Queen Elizabeth II spent a night in hospital for tests after being forced to cancel a visit to Northern Ireland this week, Buckingham Palace said on Thursday.
“Following medical advice to rest for a few days, The Queen attended hospital on Wednesday afternoon for some preliminary investigations, returning to Windsor Castle at lunchtime today (Thursday), and remains in good spirits,” a statement said.
Britain’s domestic Press Association news agency said the trip to hospital had been kept under wraps because it was expected to be a short stay, and also to protect the 95-year-old monarch’s privacy.
The overnight stay was for “practical reasons”, it added.
The palace made the announcement after The Sun newspaper broke the news.
The tabloid said it was decided she should stay at the private King Edward VII’s Hospital in central London because it was too late to make the 26-mile (42-kilometre) trip back to Windsor.
She has previously been treated at the exclusive clinic, which is known for treating the royal family, including in 2013 for gastroenteritis, when she also stayed for one night.
In 2003, surgeons at the hospital removed minor non-cancerous growths from her face and operated on her knee, while in 1982 had a wisdom tooth extracted.
The Queen’s late husband, Prince Philip, spent four weeks from February this year for treatment for a pre-existing heart condition. He died in April, just a few weeks before his 100th birthday.
The head of state, who has been on the throne since 1952 and is Britain’s longest-serving monarch, was said to be back at her desk on Thursday afternoon, undertaking light duties.
She had been due to attend an ecumenical service in the border town of Armagh on Thursday to mark the 100th centenary of the creation of Northern Ireland.
But the palace said on Wednesday morning she had “reluctantly accepted medical advice to rest for the next few days”.
The decision was not related to the coronavirus and she was said to have been resting at Windsor.
The Queen, who still rides and drives on her private estates, has had a busy schedule since returning from her remote Balmoral estate in northeast Scotland at the start of October.
But news that she had an overnight stay in hospital will inevitably raise fears for her health, given her advanced age, and questions about whether she should slow down further.
Next year she is due to celebrate her Platinum Jubilee to mark 70 years on the throne.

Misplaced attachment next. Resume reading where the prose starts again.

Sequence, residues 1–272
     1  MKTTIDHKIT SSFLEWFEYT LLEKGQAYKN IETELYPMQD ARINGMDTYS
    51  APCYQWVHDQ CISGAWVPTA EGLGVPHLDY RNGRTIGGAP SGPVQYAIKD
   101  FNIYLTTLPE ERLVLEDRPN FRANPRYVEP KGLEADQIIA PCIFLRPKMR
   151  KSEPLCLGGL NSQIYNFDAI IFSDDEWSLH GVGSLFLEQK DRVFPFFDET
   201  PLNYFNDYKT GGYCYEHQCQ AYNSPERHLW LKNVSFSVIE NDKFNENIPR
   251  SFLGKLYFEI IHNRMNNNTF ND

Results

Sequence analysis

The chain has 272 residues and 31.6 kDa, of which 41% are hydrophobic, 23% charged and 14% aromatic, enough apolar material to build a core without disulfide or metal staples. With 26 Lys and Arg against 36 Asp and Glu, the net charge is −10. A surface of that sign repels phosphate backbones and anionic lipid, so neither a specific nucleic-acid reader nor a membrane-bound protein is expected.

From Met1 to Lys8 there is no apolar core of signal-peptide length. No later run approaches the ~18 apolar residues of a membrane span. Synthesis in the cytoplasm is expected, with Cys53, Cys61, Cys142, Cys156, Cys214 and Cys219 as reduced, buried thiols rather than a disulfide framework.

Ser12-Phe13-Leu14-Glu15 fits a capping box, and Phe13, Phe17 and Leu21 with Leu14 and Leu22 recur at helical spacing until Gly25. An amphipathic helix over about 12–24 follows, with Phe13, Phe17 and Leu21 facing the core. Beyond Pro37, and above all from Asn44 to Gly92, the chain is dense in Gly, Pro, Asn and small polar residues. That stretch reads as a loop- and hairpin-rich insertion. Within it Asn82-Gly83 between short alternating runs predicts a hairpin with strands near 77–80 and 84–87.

Last week, she delivered a speech at the opening of the Welsh Assembly in Cardiff, and at the weekend spent a day at Ascot racecourse.
On Monday, she held a virtual audience with the new governor-general of New Zealand, and on Tuesday received two ambassadors, also by videolink.
On Tuesday evening, she hosted a reception at Windsor for international business leaders attending a government investment summit, including the billionaire philanthropist Bill Gates, and senior British ministers.
At that reception, the Queen appeared cheerful as she, her eldest son and heir Prince Charles, 72, and grandson Prince William, 39, mingled with guests, none of whom were wearing facemasks.
Coronavirus restrictions were lifted in Britain in July but an increase in cases has prompted calls for measures to be reimposed to prevent further close-contact transmission.
Daily virus cases crossed the 50,000 mark on Thursday, according to the latest government figures — the highest since July 17.
The Queen and Prince Philip moved to Windsor in March last year as the coronavirus outbreak took hold.
The decision was made to self-isolate because of the increased risk of infection due to their age, although she has since been vaccinated.
The Queen is still expected to join other senior royals for a series of events linked to the upcoming UN climate summit in Glasgow next month.
Last week, she was seen for the time at a major public event using a walking stick, but royal officials said it was not linked to any specific health condition.